That Tug

Have you ever had an experience which causes you to reflect on life? I had one this week.  I was delivering fliers about our Parkinson’s group to a local medical office. Someone had suggested that I also drop some off at ‘His Hands’, a local free medical clinic. I had never been there, so I looked up the website on my phone and hit GPS directions.

The clinic was only a block or so away from where I was. I pulled in front of the small building and walked in. The office had a slight odd odor of dirty clothes. There was one patient sitting in the small waiting room.  I looked at the older man in his well worn clothes and immediately thought he might be homeless. I smiled at him and he smiled back with an almost toothless grin. Something tugged at my heart.

The receptionist was talking on the phone, but she smiled to acknowledge me. As I stood waiting, I heard her side of the conversation. I heard her verify with the person on the other end that they had health insurance but had a very high deductible. Yes, the clinic could help. I looked around at the small, simple, but clean office. Something tugged at my heart again.

A pleasant woman came through a door behind the front desk and asked if I needed help. I explained who I was and about the free programs for people with PD in the area as I handed her the fliers. She thanked me, said she would put some out in the waiting room and give some to the doctors to hand out. I thanked her and walked out to my car.

As I got back in the car, I looked again at the small building. It was a simple white building, nothing like the previous medical facility that I just came from with its large glass windows, spacious offices, and beautiful art on the walls.  I felt that same tug at my heart. This time tears came to my eyes. As I drove away, it hit me. “If not for the grace of God”.

Whatever your spiritual beliefs are or aren’t, we are one tragedy or bad decision away from needing services such as those provided by His Hands. I could be the homeless person in the waiting room if I had become addicted to drugs or alcohol, or had a mental illness that controlled my decisions. I could be there after being diagnosed with a disease or a became the victim of an accident that left me with medical bills that bankrupted me. I could be there if my child had been born with a condition that required expensive medical treatments.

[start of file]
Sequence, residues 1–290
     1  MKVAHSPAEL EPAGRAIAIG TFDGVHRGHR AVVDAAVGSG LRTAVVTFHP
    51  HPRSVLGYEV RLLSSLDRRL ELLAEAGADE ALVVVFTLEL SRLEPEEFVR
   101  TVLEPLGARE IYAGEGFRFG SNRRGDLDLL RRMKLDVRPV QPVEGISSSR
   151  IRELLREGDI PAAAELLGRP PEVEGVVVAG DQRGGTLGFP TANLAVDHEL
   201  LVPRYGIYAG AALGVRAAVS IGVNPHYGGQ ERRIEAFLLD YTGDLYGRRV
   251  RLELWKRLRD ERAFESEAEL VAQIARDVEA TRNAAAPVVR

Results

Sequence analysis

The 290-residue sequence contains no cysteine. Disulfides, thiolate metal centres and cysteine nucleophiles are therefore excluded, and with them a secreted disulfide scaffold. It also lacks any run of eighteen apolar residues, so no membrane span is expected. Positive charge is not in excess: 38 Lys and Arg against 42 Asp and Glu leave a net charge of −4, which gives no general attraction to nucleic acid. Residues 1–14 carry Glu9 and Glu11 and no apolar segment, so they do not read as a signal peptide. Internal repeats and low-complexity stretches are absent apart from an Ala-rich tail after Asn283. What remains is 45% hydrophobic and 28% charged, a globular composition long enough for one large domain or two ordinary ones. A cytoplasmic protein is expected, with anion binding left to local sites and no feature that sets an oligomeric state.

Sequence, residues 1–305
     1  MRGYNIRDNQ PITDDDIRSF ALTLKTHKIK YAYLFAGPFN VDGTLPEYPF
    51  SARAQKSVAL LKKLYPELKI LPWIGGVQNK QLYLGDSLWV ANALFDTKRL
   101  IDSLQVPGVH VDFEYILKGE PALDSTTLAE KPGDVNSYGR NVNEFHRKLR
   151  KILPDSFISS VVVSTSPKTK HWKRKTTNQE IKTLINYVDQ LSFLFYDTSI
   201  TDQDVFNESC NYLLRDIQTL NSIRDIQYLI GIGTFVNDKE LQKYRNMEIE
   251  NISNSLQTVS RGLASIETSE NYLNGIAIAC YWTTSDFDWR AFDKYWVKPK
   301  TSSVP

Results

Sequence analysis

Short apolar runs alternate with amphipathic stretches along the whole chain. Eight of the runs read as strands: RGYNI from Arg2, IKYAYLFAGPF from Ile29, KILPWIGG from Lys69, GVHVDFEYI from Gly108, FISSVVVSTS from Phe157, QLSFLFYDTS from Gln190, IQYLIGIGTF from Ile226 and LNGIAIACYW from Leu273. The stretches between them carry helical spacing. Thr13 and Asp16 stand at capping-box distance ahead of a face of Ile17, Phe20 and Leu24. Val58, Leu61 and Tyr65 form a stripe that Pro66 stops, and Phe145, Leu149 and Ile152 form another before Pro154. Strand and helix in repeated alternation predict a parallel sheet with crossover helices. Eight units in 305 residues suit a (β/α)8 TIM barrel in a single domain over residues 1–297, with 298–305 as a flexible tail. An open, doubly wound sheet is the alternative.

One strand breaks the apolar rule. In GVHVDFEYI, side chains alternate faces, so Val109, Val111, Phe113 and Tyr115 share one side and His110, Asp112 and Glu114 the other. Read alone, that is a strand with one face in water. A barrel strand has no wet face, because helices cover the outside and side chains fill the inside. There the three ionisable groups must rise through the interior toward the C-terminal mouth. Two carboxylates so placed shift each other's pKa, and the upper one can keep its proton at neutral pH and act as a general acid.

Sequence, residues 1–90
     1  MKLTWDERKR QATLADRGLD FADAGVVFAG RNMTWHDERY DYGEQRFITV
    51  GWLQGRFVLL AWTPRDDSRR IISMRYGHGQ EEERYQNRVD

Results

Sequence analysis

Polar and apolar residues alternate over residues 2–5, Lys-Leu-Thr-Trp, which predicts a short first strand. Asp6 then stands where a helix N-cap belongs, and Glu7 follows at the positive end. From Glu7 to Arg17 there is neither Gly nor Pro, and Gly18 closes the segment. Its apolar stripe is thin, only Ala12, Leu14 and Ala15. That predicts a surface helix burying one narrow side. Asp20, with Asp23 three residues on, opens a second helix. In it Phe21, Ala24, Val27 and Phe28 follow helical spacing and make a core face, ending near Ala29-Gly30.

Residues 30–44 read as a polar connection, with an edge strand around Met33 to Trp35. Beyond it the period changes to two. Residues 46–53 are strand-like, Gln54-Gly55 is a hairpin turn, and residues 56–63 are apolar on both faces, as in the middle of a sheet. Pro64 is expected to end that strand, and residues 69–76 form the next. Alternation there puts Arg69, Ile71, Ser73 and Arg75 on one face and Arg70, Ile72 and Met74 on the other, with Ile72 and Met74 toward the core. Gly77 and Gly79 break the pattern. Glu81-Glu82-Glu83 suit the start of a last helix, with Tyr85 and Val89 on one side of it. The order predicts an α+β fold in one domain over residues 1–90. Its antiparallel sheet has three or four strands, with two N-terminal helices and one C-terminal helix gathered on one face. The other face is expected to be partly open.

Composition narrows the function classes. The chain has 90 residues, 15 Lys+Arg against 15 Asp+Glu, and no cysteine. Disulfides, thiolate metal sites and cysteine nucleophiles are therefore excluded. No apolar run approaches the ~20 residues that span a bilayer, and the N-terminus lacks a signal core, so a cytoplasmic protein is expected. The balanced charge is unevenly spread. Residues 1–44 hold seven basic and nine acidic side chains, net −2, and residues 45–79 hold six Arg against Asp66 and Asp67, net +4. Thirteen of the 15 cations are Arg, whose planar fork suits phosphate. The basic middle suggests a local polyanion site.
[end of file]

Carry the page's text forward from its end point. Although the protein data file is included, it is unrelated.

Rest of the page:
We don’t like to think about the “what ifs”, but perhaps sometimes we should. It might give us a little more compassion towards those who are struggling. Maybe we wouldn’t see the man or woman on the street corner as a “bum”, but as someone who fell on hard times due to a drug or alcohol problem, or a mental illness. Maybe we wouldn’t stereotype the single mom who relies on Medicaid and Food Stamps to care for her family. Maybe we could empathize with the immigrant family who are just trying to find a better life for their children than what they fled. Maybe we could imagine what it would be like to be a veteran coming home to a different world that he or she is having trouble adjusting to.

Maybe, just maybe, we could all feel that tug in our hearts. That tug is called compassion. We all need to feel it.